can be implicitly converted to Float which
is the type expected by Do_It and so all is
well.

There are also rules about accessibility in the case
where the various branches are of access types; the details need not
concern us in this overview!

The other new form of conditional expression is the
case expression and this follows similar rules to the if expression just
discussed. Here is an amusing example based on one in the AI which introduces
case expressions.

Suppose we are making
a fruit salad and add various fruits to a bowl. We need to check that
the fruit is in an appropriate state before being added to the bowl.
Suppose we have just three fruits given by

(Apple, Banana, Pineapple);

then we might have
a procedure Add_To_Salad thus

where Fruit_Type is perhaps
a discriminated type thus

In addition there might be functions such as Is_Peeled
that interrogate the state of a fruit.

We could then have
a precondition that checks that the fruit is in an edible state thus

Pre => (**if** Fruit.Kind = Apple **then** Is_Crisp(Fruit)

**elsif** Fruit.Kind = Banana **then** Is_Peeled(Fruit)

**elsif** Fruit.Kind = Pineapple **then** Is_Cored(Fruit));

(This example is all very well but it has allowed
the apple to go in uncored and the pineapple still has its prickly skin.)

Now suppose we decide to add Orange
to type Fruit_Kind. The precondition will
still work in the sense that the implicit **else** True will allow the orange to pass the precondition unchecked
and will go into the fruit salad possibly unpeeled, unripe or mouldy.
The trouble is that we have lost the full coverage check which is such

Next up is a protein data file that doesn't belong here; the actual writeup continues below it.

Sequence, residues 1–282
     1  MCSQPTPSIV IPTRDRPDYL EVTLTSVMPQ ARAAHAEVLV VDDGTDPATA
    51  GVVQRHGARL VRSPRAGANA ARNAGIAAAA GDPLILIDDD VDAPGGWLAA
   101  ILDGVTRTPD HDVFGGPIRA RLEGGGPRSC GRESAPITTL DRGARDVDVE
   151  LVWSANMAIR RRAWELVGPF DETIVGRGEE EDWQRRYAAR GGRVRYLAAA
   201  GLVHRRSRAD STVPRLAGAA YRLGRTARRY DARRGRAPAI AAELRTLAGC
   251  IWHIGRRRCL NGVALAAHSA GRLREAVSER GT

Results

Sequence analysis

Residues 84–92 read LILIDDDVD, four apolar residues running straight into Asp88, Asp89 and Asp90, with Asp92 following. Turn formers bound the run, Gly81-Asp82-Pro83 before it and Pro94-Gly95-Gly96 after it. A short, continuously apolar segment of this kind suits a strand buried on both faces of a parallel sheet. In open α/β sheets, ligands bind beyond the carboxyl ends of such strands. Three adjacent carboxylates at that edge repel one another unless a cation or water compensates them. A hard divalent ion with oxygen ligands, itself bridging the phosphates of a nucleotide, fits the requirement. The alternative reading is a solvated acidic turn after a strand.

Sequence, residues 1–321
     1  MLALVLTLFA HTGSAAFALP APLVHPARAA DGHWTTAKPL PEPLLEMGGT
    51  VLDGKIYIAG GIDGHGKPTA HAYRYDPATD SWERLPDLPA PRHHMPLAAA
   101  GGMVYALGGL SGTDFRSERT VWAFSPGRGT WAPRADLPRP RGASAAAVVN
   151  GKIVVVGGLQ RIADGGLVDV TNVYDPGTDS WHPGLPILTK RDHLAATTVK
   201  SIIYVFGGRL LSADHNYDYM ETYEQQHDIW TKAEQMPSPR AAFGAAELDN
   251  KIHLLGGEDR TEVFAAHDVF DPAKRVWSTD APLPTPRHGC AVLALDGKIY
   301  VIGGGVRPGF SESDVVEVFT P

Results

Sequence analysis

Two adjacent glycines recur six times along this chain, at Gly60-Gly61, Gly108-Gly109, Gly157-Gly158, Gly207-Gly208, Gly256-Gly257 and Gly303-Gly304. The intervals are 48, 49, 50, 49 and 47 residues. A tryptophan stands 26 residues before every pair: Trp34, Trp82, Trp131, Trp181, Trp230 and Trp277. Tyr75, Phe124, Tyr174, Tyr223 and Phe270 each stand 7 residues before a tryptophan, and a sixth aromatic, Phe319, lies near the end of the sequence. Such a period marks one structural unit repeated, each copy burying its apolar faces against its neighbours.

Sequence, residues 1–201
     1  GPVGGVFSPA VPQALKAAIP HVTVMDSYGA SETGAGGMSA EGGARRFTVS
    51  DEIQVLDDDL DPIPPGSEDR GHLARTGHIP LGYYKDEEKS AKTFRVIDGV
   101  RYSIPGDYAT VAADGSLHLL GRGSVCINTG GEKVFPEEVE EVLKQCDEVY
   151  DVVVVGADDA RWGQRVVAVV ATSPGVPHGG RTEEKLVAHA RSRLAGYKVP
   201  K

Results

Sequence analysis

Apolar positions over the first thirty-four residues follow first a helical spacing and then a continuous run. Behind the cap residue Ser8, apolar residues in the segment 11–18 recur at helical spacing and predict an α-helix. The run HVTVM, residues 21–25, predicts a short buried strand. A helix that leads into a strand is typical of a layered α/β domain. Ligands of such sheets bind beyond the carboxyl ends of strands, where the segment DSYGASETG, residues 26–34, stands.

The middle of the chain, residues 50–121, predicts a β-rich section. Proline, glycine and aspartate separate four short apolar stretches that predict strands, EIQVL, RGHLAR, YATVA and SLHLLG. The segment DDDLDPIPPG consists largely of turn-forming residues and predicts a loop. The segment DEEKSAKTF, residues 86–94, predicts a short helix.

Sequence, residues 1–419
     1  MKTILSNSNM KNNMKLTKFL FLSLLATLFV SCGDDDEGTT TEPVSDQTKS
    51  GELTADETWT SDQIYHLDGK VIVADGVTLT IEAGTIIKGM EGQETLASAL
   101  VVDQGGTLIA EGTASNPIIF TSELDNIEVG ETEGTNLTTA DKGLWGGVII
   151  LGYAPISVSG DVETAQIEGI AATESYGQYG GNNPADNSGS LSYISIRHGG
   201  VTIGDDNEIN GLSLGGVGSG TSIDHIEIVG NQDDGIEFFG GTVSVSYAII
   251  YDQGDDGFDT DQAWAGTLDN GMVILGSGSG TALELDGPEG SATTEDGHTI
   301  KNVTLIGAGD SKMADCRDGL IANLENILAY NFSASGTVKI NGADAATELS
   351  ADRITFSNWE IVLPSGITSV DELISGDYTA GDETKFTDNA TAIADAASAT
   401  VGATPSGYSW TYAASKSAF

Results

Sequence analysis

a valuable feature of case statements and aggregates in Ada.

We overcome this by
using a case expression and writing

Pre => (**case** Fruit.Kind **is**

**when** Apple => Is_Crisp(Fruit),

**when** Banana => Is_Peeled(Fruit),

**when** Pineapple => Is_Cored(Fruit),

**when** Orange => Is_Peeled(Fruit));

and of course without the addition of the choice
for Orange it would fail to compile.

Note that there is no **end case** just as there
is no **end if** in an if expression. Moreover, like the if expression,
the case expression must be in parentheses. Similar rules apply regarding
the types of the various branches and so on.

Of course, the usual
rules of case statements apply and so we might decide not to bother about
checking the crispness of the apple but to check alongside the pineapple
(another kind of apple!) that it has been cored by writing

Pre => (**case** Fruit.Kind **is**

**when** Apple | Pineapple => Is_Cored(Fruit),

**when** Banana | Orange => Is_Peeled(Fruit));

We can use **others** as the last choice as expected
but this would lose the value of coverage checking. There is no default
**when others** => True corresponding
to **else** True for if expressions because
that would defeat coverage checking completely.

A further new form of expression is the so-called
quantified expression. Quantified expressions allow the checking of a
Boolean expression for a given range of values and will again be found
useful in pre- and postconditions. There are two forms using **for all**
and **for some**. Note carefully that **some** is a new reserved
word.

Suppose we have an
integer array type

then we might have
a procedure that sets each element of an array of integers equal to its
index. Its specification might include a postcondition thus

This is saying that for all values of M
in A'Range we want the expression A(M)
= M to be true. Note how the two parts are separated by =>.

We could devise a function
to check that some component of the array has a given value by

Note the use of Value_Present'Result
to denote the result returned by the function Value_Present.

As with conditional expressions, quantified expressions
are always enclosed in parentheses.

The evaluation of quantified expressions is as expected.
Each value of M is taken in turn (as in a
for statement and indeed we could insert **reverse**) and the expression
to the right of => then evaluated. In the
case of universal quantification (a posh term meaning **for all**)
as soon as one value is found to be False
then the whole quantified expression is False
and no further values are checked; if all values turn out to be True
then the quantified expression is True. A
similar process applies to existential quantification (that is **for
some**) where the roles of True and False
are reversed.